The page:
It happens that one day I wake up and feel the need to go beyond the spaces of my daily life. I wake up before the alarm goes off, a ray of sun peeking through the curtains tells me that it is the right day to explore something new that I always see from a distance.
I want to know why the Manfriana peak is called “untouched”, “infinite”, “sacred”. This discovery will be hard, six hours of hiking. Manfriana is almost 2000 metres high, seventh highest summit of the Pollino massif. It has a form of pyramid with a mysterious rocks at its foot, some of them might have been part of an ancient Greek temple. They say, that the Pollino mountain might have been a place of worship in the times of Magna Grecia, when Greek colonists arrived here in the 8th century BC.
We start our journey from Civita with our official Pollino National park guide Luca D’Alba. He hopes one day to leave his job as a lawyer and devote his life to his passion: the mountains! First by car, then by foot we climb the paths following the sparse signs put up by the Italian Alpine club and few passionate hikers who love this land.
When we enter the Fagosa forrest silence envelopes us. Thousands of beech trees keep us company for more than an hour. In this quietude our hike is starting to feel like a spiritual pilgrimage to a sacred temple. The path is growing steeper with every step, the air is getting colder: we are ascending. I feel the strain of the climb.
We continue on the rocky ridge that seems infinite, a straight line that runs towards the Manfriana summit wrapped up in snow and clouds. Through dense for we manage to get a glimpse of other peaks, the Raganello canyon, tiny clusters of villages and towns clinging to the Coscile river. In front of us is Manfriana! Huge rocks that look like they are sculpted and chiselled reach for the sky. Who knows what their story is? We feel small in their formidable presence, and I catch myself thinking of kneeling, just like in front of a sacred temple. We stay there for a while, suspended from the height in the clouds and fog, our minds cleansed and ready for new thoughts.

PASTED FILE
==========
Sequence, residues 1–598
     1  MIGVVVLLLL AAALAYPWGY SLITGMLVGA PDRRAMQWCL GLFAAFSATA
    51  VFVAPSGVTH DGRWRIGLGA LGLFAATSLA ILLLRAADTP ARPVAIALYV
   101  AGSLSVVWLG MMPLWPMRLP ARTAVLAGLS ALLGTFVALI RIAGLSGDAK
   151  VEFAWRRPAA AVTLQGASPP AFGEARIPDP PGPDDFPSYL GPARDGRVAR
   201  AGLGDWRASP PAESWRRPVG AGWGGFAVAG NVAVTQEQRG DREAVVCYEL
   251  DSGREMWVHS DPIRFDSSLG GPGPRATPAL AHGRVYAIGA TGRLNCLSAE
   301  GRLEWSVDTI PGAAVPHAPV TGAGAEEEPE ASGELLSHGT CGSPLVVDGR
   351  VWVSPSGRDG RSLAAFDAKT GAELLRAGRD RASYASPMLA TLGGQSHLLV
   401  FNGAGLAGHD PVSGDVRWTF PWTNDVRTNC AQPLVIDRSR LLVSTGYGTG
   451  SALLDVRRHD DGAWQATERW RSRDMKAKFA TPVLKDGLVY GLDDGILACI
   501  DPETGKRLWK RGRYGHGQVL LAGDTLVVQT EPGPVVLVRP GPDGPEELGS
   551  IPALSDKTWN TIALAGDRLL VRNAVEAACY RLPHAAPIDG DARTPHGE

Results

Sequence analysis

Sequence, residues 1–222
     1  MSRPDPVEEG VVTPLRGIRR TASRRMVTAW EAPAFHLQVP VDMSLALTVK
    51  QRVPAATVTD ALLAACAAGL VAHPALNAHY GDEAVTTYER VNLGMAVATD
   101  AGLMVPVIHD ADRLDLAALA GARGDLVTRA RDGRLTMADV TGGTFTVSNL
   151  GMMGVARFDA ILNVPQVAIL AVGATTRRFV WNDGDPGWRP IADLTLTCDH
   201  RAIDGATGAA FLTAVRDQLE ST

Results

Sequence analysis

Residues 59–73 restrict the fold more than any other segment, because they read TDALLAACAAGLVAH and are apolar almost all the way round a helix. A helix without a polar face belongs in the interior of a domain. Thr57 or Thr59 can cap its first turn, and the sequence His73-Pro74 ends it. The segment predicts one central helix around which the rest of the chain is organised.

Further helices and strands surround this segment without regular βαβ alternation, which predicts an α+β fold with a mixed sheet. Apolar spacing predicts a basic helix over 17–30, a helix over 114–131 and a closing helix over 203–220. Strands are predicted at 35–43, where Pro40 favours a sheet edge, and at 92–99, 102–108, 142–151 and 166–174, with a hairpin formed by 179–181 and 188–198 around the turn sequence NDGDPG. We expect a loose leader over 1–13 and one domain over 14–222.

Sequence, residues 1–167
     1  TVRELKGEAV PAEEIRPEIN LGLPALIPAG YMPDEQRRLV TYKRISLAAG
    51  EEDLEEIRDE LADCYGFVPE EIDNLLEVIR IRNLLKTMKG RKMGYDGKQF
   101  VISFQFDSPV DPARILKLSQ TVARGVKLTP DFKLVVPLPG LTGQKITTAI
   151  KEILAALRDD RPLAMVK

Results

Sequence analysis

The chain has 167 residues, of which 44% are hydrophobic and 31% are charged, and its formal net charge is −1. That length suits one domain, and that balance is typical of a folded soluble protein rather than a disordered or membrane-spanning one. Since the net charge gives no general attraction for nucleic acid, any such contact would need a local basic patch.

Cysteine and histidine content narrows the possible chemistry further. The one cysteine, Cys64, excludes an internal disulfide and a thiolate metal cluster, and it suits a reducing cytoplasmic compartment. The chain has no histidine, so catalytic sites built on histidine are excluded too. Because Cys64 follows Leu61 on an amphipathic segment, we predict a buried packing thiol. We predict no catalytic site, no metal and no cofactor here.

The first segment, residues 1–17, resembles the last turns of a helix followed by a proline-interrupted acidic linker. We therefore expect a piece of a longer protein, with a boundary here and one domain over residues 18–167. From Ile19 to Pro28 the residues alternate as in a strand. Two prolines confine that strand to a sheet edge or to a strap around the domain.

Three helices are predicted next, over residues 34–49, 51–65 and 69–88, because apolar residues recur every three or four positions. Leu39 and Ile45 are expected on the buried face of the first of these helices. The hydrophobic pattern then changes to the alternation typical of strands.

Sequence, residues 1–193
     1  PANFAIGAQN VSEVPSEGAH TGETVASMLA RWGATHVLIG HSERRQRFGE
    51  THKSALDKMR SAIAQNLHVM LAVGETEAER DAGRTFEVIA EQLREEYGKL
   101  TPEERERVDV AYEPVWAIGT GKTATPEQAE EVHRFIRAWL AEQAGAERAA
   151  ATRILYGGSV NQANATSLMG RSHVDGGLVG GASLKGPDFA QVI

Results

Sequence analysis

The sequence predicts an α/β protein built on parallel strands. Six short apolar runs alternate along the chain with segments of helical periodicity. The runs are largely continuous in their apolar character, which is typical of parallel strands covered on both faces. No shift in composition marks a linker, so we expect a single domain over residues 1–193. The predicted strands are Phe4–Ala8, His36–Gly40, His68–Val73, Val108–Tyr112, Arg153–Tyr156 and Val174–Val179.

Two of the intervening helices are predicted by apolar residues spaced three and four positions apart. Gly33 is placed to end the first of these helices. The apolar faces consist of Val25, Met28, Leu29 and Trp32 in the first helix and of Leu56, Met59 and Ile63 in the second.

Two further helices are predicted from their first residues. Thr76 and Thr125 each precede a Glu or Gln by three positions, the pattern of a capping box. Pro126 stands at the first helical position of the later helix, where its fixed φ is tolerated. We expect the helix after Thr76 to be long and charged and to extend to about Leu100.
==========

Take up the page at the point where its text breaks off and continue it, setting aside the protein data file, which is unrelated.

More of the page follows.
Exploring a new place is always like a pilgrimage, you always bring something back. Images of the journey, the cloudy cold summit, the sacred silence of the forest are imprinted in my mind now. I don’t look at the Manfriana from a distance now, it is in my heart.
Tips: As hiking paths in the Pollino National park are not very well indicated it is better to hire an official guide. Trekking company Avventurieri del Sud runs hiking tours to Manfriana.
Text and photos by Stefania Emmanuele